Code Geek

tech

Code Geek

I don't recall exactly when I started programming, but it was somewhere around the age of 8. Computers were fascinating to me in the early 80's. My dad was in the Air Force and brought home his "lap top" from time to time, a huge Compaq brick machine with a monochromatic 8" monitor and two 5 1/2" floppy disk drives, and would pay me about 0.25¢ an hour to type in his FORTRAN, or whatever code it was, from dot matrix printed sheets and save them onto floppy disks. Within a very short period of time I eagerly learned BASIC and started making my own little programs.

The early days of the internet was comprised of Bulletin board systems that required you to dial in to a specific computer through a modem that literally took advantage of an old style rotary phone, and I ate it up, connecting to any phone number I could get a hold of. As my love of computers and technology grew, I was introduced to the idea of using computers to create 3D graphs and rudimentary images. I ate it up, and wanted nothing more than to learn how to make those incredible magic pictures myself.

As I got older I branched off from BASIC and started learning a little PASCAL to up my coding game. I made it only a short way in PASCAL before something changed, and I briefly left the world of programming. As computers got easier to use, the applications became more interesting than the language used to write those applications, and suddenly I was more interested in the hardware than the software. I got into small hand held devices, early smart watches, and other gadgets and stopped programming anything.

Then something changed.

Years later, I was working at a college as a graphic artist. The college was still doing everything on good old pen and paper, and thus many of the forms that we recieved from both students and faculty were almost always illegible. Being a techie, and gadget guy, it quickly occurred to me that with a little programming we could not only solve the unreadable paper forms, we could streamline our entire process with computers.

Working at a college it was easy to take a Javascript, SQL and web programming class, and at the end I started developing systems for my department at the college. They worked! They worked so well in fact, that other departments started coming to me requesting digital versions of their paper forms. I obliged, and soon became known as the guy who was automating the college.

As I grew in this venture I started getting in to CG and the world of 3D animation. All of this changed my passion for computers, and changed my focus in life. However, even the CG realm had a place for programming. Although, that isn't where I started out.

When I decided to start studying 3D Animation full time, I still needed a way to pay the bills. I knew Javascript, VBScript, ASP, SQL, a little PHP and HTML, so I started working at various jobs as a web developer while I went to college for Computer Generated Imagery. This worked well, since it helped develop my programming chops while paying the bills at the same time.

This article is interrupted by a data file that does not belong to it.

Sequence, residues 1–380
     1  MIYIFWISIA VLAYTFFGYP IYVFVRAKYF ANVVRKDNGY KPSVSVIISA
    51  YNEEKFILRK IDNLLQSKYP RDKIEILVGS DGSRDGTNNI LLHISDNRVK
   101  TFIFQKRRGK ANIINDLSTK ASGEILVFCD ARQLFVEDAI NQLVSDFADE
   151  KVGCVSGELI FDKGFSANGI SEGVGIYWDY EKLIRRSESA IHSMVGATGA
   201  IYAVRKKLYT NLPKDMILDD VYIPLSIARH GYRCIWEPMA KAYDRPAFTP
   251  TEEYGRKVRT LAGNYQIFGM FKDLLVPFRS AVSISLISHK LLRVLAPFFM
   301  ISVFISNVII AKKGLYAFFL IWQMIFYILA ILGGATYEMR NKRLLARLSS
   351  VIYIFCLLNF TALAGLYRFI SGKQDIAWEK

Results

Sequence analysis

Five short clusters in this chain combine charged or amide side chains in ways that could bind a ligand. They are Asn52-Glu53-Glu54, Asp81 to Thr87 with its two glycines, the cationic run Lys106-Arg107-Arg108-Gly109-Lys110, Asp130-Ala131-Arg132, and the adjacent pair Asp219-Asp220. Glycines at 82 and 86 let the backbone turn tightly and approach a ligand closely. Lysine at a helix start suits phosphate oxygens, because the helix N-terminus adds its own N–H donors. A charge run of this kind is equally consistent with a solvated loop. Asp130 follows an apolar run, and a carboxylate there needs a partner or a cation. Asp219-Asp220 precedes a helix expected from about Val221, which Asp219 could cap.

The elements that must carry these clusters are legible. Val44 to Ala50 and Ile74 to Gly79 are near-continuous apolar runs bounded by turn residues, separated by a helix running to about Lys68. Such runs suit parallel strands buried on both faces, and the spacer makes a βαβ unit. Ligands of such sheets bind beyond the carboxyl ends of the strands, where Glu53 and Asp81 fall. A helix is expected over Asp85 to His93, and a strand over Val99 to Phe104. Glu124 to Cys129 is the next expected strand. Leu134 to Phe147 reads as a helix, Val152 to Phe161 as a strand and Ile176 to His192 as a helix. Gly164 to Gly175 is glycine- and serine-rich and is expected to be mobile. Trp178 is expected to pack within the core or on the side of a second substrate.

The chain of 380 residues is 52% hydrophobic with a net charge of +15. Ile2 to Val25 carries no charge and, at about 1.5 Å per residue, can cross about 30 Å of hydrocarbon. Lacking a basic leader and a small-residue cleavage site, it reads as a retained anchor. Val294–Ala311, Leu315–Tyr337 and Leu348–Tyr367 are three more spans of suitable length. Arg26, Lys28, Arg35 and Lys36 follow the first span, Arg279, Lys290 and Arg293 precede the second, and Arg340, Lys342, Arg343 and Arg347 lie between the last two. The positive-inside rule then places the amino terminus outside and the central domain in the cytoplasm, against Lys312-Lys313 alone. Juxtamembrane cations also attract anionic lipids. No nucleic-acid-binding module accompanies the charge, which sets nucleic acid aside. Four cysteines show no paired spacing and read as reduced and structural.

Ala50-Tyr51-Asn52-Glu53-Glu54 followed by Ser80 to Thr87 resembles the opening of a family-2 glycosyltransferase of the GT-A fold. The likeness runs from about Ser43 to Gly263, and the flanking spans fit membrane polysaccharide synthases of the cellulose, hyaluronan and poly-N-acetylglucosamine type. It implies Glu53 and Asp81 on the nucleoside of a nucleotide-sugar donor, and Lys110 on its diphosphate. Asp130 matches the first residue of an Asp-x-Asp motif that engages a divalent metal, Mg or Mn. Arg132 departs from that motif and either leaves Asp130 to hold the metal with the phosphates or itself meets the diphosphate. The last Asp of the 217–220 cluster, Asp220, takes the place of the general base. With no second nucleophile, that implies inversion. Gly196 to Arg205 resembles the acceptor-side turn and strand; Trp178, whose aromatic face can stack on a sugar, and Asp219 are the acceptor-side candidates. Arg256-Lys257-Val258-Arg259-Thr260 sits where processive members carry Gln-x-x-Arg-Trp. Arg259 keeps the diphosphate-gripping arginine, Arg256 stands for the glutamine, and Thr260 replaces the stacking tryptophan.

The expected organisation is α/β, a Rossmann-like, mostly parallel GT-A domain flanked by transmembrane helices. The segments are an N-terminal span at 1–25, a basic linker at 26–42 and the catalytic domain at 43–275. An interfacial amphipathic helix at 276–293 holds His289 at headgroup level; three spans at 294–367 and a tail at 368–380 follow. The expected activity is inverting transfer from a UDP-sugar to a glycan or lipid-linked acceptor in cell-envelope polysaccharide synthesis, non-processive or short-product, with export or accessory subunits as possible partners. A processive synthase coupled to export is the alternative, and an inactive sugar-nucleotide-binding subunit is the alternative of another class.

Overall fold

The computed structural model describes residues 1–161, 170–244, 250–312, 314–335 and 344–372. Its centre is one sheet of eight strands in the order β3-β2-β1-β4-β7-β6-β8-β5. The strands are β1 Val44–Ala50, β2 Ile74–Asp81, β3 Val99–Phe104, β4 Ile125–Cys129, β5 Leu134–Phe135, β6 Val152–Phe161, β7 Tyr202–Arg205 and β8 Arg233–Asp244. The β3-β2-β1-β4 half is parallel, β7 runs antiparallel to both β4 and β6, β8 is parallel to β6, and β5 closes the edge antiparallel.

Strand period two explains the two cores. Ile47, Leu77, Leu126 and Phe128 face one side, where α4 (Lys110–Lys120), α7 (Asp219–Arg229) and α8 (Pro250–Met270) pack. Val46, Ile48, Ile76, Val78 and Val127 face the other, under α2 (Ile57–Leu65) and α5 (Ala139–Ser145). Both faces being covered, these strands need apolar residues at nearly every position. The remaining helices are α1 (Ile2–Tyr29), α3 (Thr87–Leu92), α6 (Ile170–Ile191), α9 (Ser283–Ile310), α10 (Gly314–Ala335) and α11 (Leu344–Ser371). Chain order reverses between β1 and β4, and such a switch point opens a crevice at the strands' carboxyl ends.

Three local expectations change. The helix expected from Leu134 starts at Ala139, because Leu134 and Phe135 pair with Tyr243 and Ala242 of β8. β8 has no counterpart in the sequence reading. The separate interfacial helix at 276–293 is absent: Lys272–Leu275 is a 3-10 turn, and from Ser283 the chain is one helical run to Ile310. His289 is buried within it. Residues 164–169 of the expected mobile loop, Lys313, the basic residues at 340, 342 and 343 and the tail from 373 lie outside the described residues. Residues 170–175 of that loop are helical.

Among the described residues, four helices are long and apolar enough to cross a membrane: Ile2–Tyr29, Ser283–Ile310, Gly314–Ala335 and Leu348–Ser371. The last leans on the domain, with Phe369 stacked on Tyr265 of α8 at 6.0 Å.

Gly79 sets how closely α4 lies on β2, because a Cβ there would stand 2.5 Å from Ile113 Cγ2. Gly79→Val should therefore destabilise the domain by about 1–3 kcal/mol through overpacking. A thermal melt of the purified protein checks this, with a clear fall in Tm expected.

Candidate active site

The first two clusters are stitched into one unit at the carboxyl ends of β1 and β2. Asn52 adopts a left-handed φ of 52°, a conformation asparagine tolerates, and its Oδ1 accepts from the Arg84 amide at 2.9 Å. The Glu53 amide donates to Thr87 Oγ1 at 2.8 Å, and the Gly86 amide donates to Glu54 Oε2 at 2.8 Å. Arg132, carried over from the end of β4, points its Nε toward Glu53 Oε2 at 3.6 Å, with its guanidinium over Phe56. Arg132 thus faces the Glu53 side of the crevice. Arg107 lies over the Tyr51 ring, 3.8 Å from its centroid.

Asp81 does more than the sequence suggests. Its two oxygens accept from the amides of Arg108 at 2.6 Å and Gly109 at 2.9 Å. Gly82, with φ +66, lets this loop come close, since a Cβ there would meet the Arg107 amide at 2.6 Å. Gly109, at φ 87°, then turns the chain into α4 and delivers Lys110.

In 2003 I got hired by Insight.com / Direct Alliance to start programming their intranet, and designing logogs for clients. Their system was based in ColdFusion, but they felt that since I knew ASP and SQL that ColdFusion would be a breeze for me. They were right. In fact, as far as web development went, I fell in love with ColdFusion, and to this day I do all of my higher end web development in that simple, yet robust programming language.

In the meantime, I was working hard to learn and improve my skills as a CG animator and visual effects artist. It didn't take long for me to realize that 3DS Max had a scripting language that was eerily close to VBScript, and I started using my web programming chops in my more artistic work in the CG realm.

One thing led to another. As I learned Maya, I expanded on my knowledge of Max Script, and recognized that Maya's MEL script was incredibly similar to Javascript. Once again, it became an easy language to learn. However, after years of working with MEL, I became ever more curious about Python and Java.

I spent a short time learning Java, but never had an occasion to use it. Python, however, became an incredibly powerful tool for me an my go-to language for almost everything. As my Python skill improved in Maya, they also became relavent in Nuke, and now I was developing artist tools for both Maya and Nuke. It wasn't long before I learned how to move that beyond Digital Content Creation and expand it into whatever I wanted.

Now I program for entire pipelines, developing tools for Shotgun, NIM, Maya, Nuke, Photoshop, Houdini, and a whole host of stand alone applications that make our lives easier in the Visual Effects Community. These days, there are very few problems I can't solve with a few lines of code. It doesn't matter what the challenge is, I always find the solutions.

Here's the thing. Computers are taking over our world, and if you don't speak the language, you're likely to end up at the bottom of the food chain. I solve problems. Let me help you solve yours.